Hello, guys. Please forgive me for the shameless self promotion, I'd just like to share and discuss the results I got with my Voxel Cone Tracing implementation. So, in my last post I presented an early version of my own implementation of global illumination using voxel cone tracing, since then I've done a lot of improvements and ended up creating a demo that you can find here to show it. Very soon I'll be writing a set of articles explaining the implementation in more detail but for now I'll outline the most important aspects:
My implementation uses two 128x128x128 3D textures to store the voxelized scene, a small texture and a larger one, where the small one covers a 30x30x30m volume of the scene while the larger one covers a 120x120x120m volume. Together they provide a voxelized representation of the scene with enough quality and range for the GI processing. The volumes are fixed at the world origin, they do not follow the camera because that makes the lighting unstable, I know this is impractical for a video game but it's enough to cover the smalll scene of my demo.
No Sparse Voxel Octree is used, this is because I concluded from my early experiments that traversing the tree takes a huge toll on performance probably because the divergent code paths and incoherent memory accesses are not very GPU friendly. So, In general volume textures seem to provide much better performance that octrees at the expense of huge memory waste (because of empty voxels). I haven't profiled one method against the other, my choice was based simply on experiments so please feel free to argue against these arguments and provide your own insight on the subject.
The scene is voxelized in real-time using a similar version of the technique described by Cyrril Crassin in the free OpenGL Insights chapter that is available here. The voxelization is quite fast and can be performed in real-time without a great impact on performance which allows to make the lighting dynamic, if any object or light source moves you'll see the lighting change accordingly.
Once the voxel volume is ready it is possible to simulate a second bounce of GI by revoxelizing the scene to a second volume while using the first volume to perform cone tracing for each fragment that is inserted into the volume. Note however that this is very expensive and doesn't compensate the reduced improvement in visual quality so it's disabled by default in the demo.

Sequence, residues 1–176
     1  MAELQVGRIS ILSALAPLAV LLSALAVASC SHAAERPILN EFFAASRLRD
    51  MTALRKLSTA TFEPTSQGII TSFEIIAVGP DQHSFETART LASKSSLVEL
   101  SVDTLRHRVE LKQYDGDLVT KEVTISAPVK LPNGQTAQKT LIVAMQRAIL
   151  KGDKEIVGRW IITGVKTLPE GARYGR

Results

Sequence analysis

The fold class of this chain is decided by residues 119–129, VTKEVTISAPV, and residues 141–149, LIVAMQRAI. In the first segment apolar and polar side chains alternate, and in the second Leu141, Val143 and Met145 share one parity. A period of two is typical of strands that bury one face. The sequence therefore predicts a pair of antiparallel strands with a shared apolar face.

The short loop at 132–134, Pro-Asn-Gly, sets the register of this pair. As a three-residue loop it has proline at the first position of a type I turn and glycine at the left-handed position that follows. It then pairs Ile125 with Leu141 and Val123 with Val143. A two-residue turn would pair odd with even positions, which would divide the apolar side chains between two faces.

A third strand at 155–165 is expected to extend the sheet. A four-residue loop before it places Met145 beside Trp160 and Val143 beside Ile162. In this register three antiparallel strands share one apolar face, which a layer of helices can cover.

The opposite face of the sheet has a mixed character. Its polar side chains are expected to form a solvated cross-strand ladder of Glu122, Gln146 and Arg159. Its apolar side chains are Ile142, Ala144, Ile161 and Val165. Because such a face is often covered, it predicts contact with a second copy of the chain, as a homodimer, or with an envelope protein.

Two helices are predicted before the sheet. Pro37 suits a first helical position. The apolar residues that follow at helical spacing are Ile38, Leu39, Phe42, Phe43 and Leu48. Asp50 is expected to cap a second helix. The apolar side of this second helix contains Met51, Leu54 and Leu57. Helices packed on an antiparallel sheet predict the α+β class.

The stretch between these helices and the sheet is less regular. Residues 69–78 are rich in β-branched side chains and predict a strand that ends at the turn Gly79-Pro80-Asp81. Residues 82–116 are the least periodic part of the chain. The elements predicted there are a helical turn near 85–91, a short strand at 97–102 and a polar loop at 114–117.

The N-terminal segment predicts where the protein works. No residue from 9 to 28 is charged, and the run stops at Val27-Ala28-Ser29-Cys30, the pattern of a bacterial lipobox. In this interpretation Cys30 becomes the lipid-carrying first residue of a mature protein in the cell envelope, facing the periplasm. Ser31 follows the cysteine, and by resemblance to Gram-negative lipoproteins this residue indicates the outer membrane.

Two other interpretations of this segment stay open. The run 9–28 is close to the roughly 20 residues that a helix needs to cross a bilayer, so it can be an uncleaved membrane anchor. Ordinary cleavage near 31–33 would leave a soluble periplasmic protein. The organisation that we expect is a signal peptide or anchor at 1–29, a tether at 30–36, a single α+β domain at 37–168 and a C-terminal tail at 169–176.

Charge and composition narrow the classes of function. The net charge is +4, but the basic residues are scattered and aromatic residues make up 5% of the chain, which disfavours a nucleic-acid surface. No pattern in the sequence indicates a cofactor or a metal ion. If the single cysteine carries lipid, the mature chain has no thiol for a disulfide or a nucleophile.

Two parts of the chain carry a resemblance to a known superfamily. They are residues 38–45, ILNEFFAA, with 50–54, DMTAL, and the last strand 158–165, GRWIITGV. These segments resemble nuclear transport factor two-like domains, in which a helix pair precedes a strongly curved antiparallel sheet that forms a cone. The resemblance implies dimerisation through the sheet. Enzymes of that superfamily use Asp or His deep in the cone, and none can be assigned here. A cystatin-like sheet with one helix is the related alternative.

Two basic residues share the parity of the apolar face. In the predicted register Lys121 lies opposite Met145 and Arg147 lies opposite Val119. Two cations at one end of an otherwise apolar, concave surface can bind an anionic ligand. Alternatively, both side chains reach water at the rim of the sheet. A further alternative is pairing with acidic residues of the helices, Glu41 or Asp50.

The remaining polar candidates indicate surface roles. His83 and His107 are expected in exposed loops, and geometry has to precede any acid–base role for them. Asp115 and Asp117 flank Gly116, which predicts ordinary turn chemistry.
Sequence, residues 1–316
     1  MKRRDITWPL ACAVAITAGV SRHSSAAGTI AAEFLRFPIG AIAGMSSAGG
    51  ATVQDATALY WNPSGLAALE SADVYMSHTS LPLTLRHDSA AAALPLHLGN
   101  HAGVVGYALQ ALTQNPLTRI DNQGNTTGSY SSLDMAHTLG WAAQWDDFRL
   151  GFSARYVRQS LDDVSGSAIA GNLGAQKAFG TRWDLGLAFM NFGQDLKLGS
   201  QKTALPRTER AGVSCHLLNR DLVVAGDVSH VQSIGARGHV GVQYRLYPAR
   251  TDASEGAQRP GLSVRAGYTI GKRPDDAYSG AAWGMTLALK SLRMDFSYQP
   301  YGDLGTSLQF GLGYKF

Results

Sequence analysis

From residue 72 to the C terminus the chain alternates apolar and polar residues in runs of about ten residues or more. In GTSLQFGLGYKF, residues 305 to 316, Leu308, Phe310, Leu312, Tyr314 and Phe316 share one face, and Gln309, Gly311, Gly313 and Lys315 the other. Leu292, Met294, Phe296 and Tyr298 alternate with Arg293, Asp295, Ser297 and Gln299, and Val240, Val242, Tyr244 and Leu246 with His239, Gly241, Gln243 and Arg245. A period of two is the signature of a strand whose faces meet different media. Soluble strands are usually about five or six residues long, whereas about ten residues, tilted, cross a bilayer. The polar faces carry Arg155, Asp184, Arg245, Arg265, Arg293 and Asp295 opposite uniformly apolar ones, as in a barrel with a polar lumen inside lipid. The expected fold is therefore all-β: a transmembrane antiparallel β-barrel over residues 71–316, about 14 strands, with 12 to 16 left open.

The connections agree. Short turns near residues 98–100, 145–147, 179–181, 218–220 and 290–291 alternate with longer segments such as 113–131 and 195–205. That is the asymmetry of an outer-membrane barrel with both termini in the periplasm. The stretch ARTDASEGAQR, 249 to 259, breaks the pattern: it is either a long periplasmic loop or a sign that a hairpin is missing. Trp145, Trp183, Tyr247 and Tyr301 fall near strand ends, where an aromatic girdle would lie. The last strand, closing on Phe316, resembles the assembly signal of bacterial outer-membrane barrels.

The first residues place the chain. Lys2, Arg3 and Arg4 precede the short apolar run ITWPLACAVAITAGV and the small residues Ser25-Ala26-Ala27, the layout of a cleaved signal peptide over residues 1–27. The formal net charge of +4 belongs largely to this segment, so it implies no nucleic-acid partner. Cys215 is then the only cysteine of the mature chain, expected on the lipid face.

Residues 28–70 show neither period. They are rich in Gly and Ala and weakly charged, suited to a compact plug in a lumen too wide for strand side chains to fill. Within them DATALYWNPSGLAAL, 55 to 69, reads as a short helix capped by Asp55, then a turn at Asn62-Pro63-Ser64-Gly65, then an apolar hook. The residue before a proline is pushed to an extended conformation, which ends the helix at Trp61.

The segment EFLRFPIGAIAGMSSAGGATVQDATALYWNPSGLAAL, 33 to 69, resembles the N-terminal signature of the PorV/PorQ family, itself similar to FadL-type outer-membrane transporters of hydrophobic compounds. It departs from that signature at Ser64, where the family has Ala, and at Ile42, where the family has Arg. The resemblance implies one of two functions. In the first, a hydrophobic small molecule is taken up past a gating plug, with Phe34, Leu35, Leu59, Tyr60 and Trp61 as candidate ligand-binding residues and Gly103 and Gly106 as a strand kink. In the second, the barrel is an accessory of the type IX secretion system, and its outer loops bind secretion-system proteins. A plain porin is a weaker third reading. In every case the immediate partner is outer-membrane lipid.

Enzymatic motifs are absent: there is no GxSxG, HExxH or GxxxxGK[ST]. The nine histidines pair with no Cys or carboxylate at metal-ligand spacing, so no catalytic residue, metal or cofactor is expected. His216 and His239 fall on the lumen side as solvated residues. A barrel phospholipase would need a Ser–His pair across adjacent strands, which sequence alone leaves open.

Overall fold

The diffuse lighting is calculated in groups of 3x3 pixels to improve the performance and a edge refinement is done later to fix the difficult cases. For each group of 3x3 pixels 16 cones are traced in all directions with 32 samples per cone. The tracing of each cone is done pretty much like Crassin describes in his paper, for each sample inside the cone we read the corresponding mipmap level of the volume texture and accumulate both the color and the opacity of the voxel information that was read.
The specular lighting is calculated by tracing a cone along the reflection vector. Voxel cone tracing gives the flexibility to generate sharp and glossy reflections which is really neat. In general both look good but the lack of resolution of the voxel volume prevents the accurate rendering of glass and mirror materials. Sharp reflections are problematic also because they require an insane amount of samples per cone (200 in the demo) to avoid missing scene features like thin walls. The tracing is optimized to skip large portions of empty space by sampling a lower resolution mipmap level of the voxel volume and checking its opacity (similar to sphere tracing), if the opacity is zero then there are no objects nearby and we can skip that space altogether. This is essentially an GPU friendly approximation of what is done with a Sparse Voxel Octree.
So this concludes the overview of the implementation. Please feel free to leave your comments.
Don't forget to try the demo (I recommend running it on a Nvidia GTX 680 or similar, it's untested for AMD hardware so I have now idea how it runs on it).
Here is some eye candy :